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PostPosted: Mon Jan 01, 2018 4:15 pm 
Smeric
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Inspired by the "Translations of the Bible" thread: What kinds of religious or spiritual literature other than the Bible (if any) do you have?

My own is limited to this little kids' book called The Amazing Adventures of Hanuman, an edition of this with a cover that looks slightly different because it's newer, a few poems by Ovid, Norse Myths by Kevin Crossley-Holland, and a lot of this (which very often includes Indian religious literature) and this (which also occasionally includes various kinds of religious myths, legends, etc. from all over the world).


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PostPosted: Mon Jan 01, 2018 4:20 pm 
Sanno
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How are you defining "religious or spiritual" here? Why does Ovid qualify?

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PostPosted: Mon Jan 01, 2018 5:44 pm 
Boardlord
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My books are a mile away right now, but from memory I have the Quran, a Passover Haggadah, the Dao De Jing, and (abridged versions of) the Rigveda and the Mahabharata.


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PostPosted: Mon Jan 01, 2018 8:01 pm 
Smeric
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Salmoneus wrote:
Why does Ovid qualify?

I meant parts of the Metamorphoses, which is almost all Greek mythology AFAICT.


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PostPosted: Tue Jan 02, 2018 12:48 pm 
Sanno
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Vijay wrote:
Salmoneus wrote:
Why does Ovid qualify?

I meant parts of the Metamorphoses, which is almost all Greek mythology AFAICT.

If we're counting any literature which incorporates mythological elements, then I have scores of books that qualify.

Even if we construe this more narrowly, I've got more titles than I can list here. I used to be a mythology buff and have quite a few collections of myths and legends from various cultures. If we add in all of my late husband's works on Buddhism we're talking easily hundreds of books.


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PostPosted: Tue Jan 02, 2018 1:01 pm 
Sanno
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If we're counting any story with superhuman characters in it, I have a copy of The Silmarillion... and a lot of other fantasy novels too.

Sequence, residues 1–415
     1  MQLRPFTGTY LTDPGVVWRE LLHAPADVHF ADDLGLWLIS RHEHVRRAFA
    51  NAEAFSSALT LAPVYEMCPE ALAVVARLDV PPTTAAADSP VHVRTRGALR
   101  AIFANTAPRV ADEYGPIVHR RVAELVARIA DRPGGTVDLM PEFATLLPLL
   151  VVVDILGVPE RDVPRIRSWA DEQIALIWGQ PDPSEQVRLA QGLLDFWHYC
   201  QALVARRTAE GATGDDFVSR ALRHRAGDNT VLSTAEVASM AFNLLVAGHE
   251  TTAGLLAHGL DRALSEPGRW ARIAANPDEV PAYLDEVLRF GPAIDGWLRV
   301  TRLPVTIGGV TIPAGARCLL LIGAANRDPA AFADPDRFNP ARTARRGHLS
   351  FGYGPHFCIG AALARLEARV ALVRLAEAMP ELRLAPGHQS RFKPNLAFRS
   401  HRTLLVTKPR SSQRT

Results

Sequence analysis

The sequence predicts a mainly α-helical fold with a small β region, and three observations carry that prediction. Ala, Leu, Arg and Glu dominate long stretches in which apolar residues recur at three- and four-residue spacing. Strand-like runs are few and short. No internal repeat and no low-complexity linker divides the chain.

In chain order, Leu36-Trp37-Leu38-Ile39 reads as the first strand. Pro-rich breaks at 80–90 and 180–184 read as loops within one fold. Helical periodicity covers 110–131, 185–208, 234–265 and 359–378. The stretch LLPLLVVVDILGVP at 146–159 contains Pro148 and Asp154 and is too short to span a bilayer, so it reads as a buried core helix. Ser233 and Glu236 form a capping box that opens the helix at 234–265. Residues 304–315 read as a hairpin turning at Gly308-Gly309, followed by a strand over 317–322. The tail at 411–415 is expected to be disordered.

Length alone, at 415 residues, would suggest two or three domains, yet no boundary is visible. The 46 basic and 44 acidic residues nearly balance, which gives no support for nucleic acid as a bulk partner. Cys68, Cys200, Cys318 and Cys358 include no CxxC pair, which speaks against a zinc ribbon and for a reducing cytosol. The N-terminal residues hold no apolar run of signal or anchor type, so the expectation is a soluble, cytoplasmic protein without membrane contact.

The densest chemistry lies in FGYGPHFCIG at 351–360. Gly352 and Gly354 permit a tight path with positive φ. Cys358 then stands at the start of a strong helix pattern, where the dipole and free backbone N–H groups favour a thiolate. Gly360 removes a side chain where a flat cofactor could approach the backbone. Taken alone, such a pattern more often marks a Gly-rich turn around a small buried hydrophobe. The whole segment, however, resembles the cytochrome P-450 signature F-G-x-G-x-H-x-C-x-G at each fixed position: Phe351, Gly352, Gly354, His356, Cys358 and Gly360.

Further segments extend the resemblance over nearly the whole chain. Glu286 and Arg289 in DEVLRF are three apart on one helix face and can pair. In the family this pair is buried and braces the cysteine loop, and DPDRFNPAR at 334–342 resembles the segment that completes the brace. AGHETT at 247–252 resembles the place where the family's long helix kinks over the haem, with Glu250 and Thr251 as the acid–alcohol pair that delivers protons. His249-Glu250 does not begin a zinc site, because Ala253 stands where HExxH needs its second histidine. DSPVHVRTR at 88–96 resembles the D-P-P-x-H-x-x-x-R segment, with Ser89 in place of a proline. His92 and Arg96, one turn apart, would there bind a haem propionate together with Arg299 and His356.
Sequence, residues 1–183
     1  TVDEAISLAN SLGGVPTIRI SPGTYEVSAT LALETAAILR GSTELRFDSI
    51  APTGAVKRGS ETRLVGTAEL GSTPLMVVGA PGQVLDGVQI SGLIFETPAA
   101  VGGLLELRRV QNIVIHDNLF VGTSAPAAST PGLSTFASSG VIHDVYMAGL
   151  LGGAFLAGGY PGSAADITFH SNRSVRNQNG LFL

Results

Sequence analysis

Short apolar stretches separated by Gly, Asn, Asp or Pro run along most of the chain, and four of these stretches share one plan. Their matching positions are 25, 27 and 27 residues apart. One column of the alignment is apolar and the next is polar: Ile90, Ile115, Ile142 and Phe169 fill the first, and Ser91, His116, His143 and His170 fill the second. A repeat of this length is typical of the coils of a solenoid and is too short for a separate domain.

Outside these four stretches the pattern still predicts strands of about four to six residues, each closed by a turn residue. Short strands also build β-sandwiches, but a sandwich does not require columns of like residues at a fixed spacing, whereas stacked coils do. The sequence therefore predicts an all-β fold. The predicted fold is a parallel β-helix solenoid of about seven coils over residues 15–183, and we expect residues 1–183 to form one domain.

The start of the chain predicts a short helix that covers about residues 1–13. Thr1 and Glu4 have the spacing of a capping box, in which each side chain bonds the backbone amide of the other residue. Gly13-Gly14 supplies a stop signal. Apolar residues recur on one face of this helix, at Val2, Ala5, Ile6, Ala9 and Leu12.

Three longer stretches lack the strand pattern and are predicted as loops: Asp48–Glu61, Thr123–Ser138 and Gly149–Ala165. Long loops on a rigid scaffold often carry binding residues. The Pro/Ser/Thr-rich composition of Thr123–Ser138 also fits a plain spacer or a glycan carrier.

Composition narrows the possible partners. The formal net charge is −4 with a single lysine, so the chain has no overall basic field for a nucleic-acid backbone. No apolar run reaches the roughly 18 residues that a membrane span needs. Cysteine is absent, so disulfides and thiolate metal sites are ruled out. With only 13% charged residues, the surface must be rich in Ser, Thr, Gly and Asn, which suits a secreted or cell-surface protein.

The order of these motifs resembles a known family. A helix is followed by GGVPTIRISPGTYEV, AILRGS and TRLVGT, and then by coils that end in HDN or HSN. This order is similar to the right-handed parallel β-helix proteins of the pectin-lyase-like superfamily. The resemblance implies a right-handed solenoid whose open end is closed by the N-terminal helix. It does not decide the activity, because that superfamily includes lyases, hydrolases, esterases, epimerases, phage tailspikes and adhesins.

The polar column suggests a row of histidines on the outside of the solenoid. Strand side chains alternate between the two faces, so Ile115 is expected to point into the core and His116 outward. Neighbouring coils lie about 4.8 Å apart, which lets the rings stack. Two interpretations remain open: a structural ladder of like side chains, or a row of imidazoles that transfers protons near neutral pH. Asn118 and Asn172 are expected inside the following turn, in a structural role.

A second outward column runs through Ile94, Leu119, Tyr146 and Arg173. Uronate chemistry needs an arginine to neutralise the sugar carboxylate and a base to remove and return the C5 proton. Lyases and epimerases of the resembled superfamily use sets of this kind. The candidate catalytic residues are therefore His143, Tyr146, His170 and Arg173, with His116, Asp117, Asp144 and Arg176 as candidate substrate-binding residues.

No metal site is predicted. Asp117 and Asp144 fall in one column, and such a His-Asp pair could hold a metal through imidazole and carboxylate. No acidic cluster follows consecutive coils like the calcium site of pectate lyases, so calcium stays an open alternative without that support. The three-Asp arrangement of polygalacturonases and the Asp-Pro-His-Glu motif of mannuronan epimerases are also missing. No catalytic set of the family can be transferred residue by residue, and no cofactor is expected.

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PostPosted: Tue Jan 02, 2018 1:30 pm 
Smeric
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linguoboy wrote:
Even if we construe this more narrowly, I've got more titles than I can list here. I used to be a mythology buff and have quite a few collections of myths and legends from various cultures.

Does each of those collections have a name of its own, and is it possible to list those names? Is each collection part of a series or something like that?


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PostPosted: Tue Jan 02, 2018 1:48 pm 
Sanno
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Vijay wrote:
linguoboy wrote:
Even if we construe this more narrowly, I've got more titles than I can list here. I used to be a mythology buff and have quite a few collections of myths and legends from various cultures.

Does each of those collections have a name of its own, and is it possible to list those names? Is each collection part of a series or something like that?

I don't have all my books grouped by subject area, so the first thing I'd have to do is go on a merry chase to track down all of the volumes. It would literally take me hours and seems like a less rewarding task for both me and the intended audience than just selecting a few titles of particular interest.


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PostPosted: Tue Jan 02, 2018 1:50 pm 
Smeric
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linguoboy wrote:
Vijay wrote:
linguoboy wrote:
Even if we construe this more narrowly, I've got more titles than I can list here. I used to be a mythology buff and have quite a few collections of myths and legends from various cultures.

Does each of those collections have a name of its own, and is it possible to list those names? Is each collection part of a series or something like that?

I don't have all my books grouped by subject area, so the first thing I'd have to do is go on a merry chase to track down all of the volumes. It would literally take me hours and seems like a less rewarding task for both me and the intended audience than just selecting a few titles of particular interest.

Okay, so then what would a few titles of particular interest be? :)


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PostPosted: Tue Jan 02, 2018 2:50 pm